I like Thanksgiving in Tennessee because it looks like this:

You’ll notice Sara decided to dress up as a Pilgrim.  The girls rode one of my buddy Jim Taylor’s horses after dinner, but I didn’t know that until they were done, so no pictures.

I spent Thanksgiving doing my duty as a patriotic American male – eating turkey and watching football – then spent the next three days finishing my assault on the briar jungle.  Here’s another before picture from last weekend, when I was just getting started.

Did I mention the briar was incredibly dense?

I’ve hated the stuff ever since we moved in.  Something about briar attracts discs when I play disc golf.  Even when I try to be careful reaching into the stuff, the thorns grab ahold of me and shred my skin.  Here’s what they did to me this weekend — and I was wearing sleeves.  The thorns poked right through my denim shirt.

So clearing the briar wasn’t a labor of love.  It was a labor of hate.  Here’s what the area looks like now that I’ve exacted my revenge.  I cleared the thorn bushes up to our property line.  The jungle continues on the other side, but that’s not my problem.

This picture was taken from what used to be the middle of the briar patch.

In addition to thorny bushes, we had thorny vines that wrapped themselves around the trees want to keep.  I cut the vines at the base and we pulled down the ones we could.  That’s Chareva in the picture below, yanking for all she’s worth to bring down a vine.  (I offered to help, but she had a personal vendetta against this particular vine and was determined to bring it down herself – which she did.)

Once when I pulled down a vine, it whipped me on the side of my head and a thorn caught my ear.  If I ever want to wear a diamond stud in my ear, the piercing job is at least halfway done.  I said a bad word and bled for awhile.

As I cleared the jungle, I found some dead trees.  We had no idea they were there … the briar was so thick, we never saw them before.  If they’re not rotten, we’ll cut those up for firewood.

We also collected quite a few dried sticks and branches for kindling.

I hacked away that jungle for three days (plus last weekend), working until dark.  It was tough and sometimes painful work, but worth it.  I am, as Charlie Daniels would put it, Dog Tired Satisfied.

14 Responses to “The Farm Report: Jungle Boogie”
  1. Elenor says:

    Bravo, looks wonderful! (Albeit you seem bloody but unbowed!)

    That pretty much captures it.

  2. Thorny vines are evil and serve no purpose. Proof that if there is a God he sometimes doesn’t like us very much.

  3. Marilyn says:

    WOW! You’re certainly making good use of your new toy. I don’t know anything about those briars. Will they grow back slowly enough so you can keep ahead of them now?

    We had a crew cut some down near the creek several months ago. Those just have sprouts, so we’ll keep whacking ’em. I hope eventually they all give up and die.

  4. smgj says:

    You should keep some goats and a couple of pigs. That would (probably) get rid of the briar completely.

    PS – great work. I bet it’s really satisfying to see what you have accomplished.

    It was indeed a pleasure to step back and look at the former jungle.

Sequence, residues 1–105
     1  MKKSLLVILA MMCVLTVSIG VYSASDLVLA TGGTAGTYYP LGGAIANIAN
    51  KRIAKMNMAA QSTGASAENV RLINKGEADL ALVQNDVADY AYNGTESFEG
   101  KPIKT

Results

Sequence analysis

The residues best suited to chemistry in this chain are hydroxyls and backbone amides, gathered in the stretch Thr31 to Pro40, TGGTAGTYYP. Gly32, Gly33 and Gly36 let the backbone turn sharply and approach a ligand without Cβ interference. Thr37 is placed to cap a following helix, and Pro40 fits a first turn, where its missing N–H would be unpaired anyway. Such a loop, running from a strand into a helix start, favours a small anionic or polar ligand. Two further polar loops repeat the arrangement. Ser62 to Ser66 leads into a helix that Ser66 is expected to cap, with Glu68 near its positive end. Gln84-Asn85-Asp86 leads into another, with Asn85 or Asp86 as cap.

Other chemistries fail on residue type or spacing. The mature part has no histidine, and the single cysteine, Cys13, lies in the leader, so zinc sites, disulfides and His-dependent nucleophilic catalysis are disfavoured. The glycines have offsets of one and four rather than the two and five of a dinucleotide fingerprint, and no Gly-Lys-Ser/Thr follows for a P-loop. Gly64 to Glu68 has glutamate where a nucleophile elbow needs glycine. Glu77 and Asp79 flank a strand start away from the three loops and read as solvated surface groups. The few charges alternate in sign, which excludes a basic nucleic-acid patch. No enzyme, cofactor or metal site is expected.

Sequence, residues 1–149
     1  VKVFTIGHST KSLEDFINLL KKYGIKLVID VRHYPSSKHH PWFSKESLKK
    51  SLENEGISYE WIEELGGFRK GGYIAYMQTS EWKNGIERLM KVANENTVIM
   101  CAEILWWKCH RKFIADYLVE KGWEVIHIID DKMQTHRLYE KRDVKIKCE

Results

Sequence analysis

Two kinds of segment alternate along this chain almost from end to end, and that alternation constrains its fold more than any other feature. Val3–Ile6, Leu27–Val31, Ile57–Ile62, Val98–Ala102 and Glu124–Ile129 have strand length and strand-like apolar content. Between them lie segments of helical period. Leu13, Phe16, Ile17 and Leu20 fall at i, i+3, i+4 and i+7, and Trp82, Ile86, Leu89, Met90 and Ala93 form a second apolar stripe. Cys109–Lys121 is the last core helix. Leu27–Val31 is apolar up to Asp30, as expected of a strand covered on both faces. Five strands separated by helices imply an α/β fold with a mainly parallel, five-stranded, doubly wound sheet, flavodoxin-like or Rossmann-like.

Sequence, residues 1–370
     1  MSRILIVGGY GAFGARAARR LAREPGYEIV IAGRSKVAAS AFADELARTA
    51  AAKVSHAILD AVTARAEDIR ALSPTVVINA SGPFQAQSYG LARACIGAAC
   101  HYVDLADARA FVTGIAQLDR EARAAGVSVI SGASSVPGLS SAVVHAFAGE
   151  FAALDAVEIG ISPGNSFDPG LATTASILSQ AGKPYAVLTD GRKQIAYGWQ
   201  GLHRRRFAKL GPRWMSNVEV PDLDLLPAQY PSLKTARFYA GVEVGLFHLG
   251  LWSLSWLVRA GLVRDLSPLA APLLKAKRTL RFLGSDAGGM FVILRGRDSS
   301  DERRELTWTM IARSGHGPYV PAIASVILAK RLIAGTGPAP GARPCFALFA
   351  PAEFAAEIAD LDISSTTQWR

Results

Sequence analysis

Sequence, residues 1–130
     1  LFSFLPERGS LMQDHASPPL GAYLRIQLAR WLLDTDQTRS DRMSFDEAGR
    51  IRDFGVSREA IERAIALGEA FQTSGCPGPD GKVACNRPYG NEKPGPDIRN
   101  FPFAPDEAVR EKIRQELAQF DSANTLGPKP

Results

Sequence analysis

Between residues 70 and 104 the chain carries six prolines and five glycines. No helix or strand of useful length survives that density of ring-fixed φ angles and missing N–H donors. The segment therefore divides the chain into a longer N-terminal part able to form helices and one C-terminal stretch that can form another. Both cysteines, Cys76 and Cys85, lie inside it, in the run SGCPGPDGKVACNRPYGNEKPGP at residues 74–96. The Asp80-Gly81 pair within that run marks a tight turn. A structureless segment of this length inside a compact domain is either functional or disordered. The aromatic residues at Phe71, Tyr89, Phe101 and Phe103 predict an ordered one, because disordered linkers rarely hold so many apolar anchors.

5. Dianne says:

    Sounds like the briars were fighting back! Congrats on winning. So, when are you getting a ranch truck?

    We’ll buy a truck eventually.

  6. Joe Dokes says:

    You need a truck. 🙂 Your minivan ain’t gonna cut it, the gun rack is completely optional though.


    Joe Dokes

    A truck is in the future plans.

  7. Marilyn says:

    Gives one new respect for the pioneers who cleared the land initially. . . with considerably less-sophisticated artillery.

    Exactly what we were saying to each other this weekend: imagine having to do this with axes and machetes.

  8. If you leave a couple of brush piles along the property line (10′-12′ cross, 4′-5′ high), they make good cover for the bunnies.


    Hmmm … if we ever decide to set bunny traps ….

  9. ngyoung says:


    Kinda surprised to see this on the yahoo.com main page. Actually cites most of the myths from your movie.

    Good to see more of this in the popular media.

  10. Dave M says:

    I was working on my own briar patch this weekend as well, although its not nearly as large as yours. We also have thick vines wrapped around trees, and they were a pain to get down. Some of them are still up there.

    We have a few vines that we’ll have to let rot and fall off. They’re too thick, too entwined and too high up to pull down.

  11. Sally Myles says:

    Now imagine doing all that lot on the Standard American Diet of grains grains grains and more grains. Three days?? Three weeks more like. And you’d have gone to bed feeling a damn sight more tired, I’ll bet. A big well done from me, who is guiltily looking out the window at next door’s Ivy that I have let take over my fence. I need a tool like you’ve got….

    On a standard American diet, I wouldn’t have had the energy to put out that much effort all weekend.

  12. Dave Wilson says:

    I hate briars. They seem to have some sort of irritant that coats them. The scratches burn and itch far more than one would suspect for being as small as they are, comparatively.

  13. Marilyn says:

    @Sally Myles: Ah, yes. Neighbors. How well I remember the endless supply of bindweed and deadly nightshade that I had at one place, thanks to the neighbors on the other side.

  14. Joe Dokes says:

    I’ve often heard the phrase “into the briar patch.” It now has crystal clear meaning.


    Joe Dokes

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